Why Do We Need A.I. Art?
OpenAI’s DALL-E 2‘s impressive drawings bolster a theory that computers are better than humans — that’s a lie.
Do you want to see an image of teddy bears mixing sparkling chemicals as mad scientists in a steampunk style? Next question: How many do you want? DALL-E 2, the upgraded artificial intelligence imagery program from OpenAI that can create unique images merely from written descriptions, can provide as many as you need. It can also show those bears doing the same in different styles — say that of a 1990s Saturday morning cartoon. Is it perfect? Take a look:
The answer is clearly no, it’s not perfect.* But it’s not bad.
DALL-E 2 can also be prompted to imitate images that already exist, like a picture of a shop window or home interiors. Here’s an example of what it comes up with:
Like other artificial intelligence programs released in recent years, like ones that produce images of non-existent people or that write entire newspaper columns on their own, DALL-E 2 brings us close to the uncanny — something we know to be unreal but that could be real. Interestingly, what makes DALL-E 2’s images uncanny, and thus reveal its mechanical nature, are its imperfections.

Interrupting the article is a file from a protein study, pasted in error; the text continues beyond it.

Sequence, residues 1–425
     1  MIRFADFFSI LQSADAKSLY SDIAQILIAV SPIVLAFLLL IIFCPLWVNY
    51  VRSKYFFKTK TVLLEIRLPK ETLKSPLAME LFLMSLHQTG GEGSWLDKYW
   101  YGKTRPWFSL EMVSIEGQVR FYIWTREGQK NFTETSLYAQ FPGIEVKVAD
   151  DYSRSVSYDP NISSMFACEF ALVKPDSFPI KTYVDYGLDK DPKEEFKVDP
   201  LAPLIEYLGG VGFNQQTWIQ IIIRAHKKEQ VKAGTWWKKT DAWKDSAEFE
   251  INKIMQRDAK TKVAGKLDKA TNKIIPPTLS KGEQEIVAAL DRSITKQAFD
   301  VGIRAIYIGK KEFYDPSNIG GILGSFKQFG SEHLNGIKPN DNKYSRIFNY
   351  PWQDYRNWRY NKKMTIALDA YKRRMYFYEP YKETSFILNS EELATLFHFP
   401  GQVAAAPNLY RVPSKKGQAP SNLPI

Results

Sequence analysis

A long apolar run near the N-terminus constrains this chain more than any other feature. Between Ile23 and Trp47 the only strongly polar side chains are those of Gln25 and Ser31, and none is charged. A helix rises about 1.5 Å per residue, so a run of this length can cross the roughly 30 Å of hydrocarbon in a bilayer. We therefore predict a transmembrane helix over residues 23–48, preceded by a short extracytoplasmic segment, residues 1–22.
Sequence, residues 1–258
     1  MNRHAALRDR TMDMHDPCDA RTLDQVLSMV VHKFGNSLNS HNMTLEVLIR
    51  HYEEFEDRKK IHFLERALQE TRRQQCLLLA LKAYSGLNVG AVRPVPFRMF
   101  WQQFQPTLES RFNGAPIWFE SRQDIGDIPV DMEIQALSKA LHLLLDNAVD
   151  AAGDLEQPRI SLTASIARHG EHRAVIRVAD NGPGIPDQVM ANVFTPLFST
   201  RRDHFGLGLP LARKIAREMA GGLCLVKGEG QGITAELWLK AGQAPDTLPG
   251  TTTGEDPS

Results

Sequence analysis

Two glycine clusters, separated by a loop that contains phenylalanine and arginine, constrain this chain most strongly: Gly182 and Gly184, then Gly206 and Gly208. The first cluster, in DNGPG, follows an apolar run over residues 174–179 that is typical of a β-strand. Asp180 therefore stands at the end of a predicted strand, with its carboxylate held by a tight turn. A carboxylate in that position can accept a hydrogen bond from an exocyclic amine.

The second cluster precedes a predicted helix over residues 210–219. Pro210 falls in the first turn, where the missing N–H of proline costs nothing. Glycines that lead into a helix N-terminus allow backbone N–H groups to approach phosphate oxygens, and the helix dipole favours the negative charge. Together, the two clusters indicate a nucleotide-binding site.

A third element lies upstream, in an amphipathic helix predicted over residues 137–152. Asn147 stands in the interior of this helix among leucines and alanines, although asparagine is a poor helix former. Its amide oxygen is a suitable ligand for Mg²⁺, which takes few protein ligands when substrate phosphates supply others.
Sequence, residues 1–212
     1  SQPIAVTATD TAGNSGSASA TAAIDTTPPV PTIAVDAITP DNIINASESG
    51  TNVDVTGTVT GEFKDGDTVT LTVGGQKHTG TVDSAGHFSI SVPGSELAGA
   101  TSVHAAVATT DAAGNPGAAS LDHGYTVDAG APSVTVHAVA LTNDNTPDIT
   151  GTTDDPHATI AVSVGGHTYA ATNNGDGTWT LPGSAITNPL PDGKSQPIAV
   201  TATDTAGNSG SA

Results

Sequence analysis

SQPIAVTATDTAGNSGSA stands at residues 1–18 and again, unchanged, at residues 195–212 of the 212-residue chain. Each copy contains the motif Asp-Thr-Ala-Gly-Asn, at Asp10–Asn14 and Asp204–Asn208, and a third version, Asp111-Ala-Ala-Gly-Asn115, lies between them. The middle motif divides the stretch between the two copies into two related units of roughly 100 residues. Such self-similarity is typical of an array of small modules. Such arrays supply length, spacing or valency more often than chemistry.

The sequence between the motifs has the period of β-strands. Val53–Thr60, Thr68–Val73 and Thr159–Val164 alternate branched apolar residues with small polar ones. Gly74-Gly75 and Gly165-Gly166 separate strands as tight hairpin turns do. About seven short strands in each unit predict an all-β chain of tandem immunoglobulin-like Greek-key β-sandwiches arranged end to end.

Unfinished lines colliding with others, doors that we can see wouldn’t actually work, surfaces blending together — these are all evidence that DALL-E 2’s images, good as they are, still remain some distance from rendering a world as we know and live it. Human-made drawings would also contain mistakes, but DALL-E’s mistakes are ones humans wouldn’t make. Inaccuracy is a sign of human touch — but only certain kinds of inaccuracies: intelligent ones. The DALL-E 2 images are good, but the imperfections are a tell. It’s just ‘guessing’ because it doesn’t really ‘know’. This isn’t intelligence after all, it’s just covering its ass.
As it happens, DALL-E 2 can also mimic artistic style, arguably one of the most obvious showcases of human creative touch. Among the examples of art OpenAI used as a prompt from which DALL-E 2 could extrapolate was Georges Seurat’s A…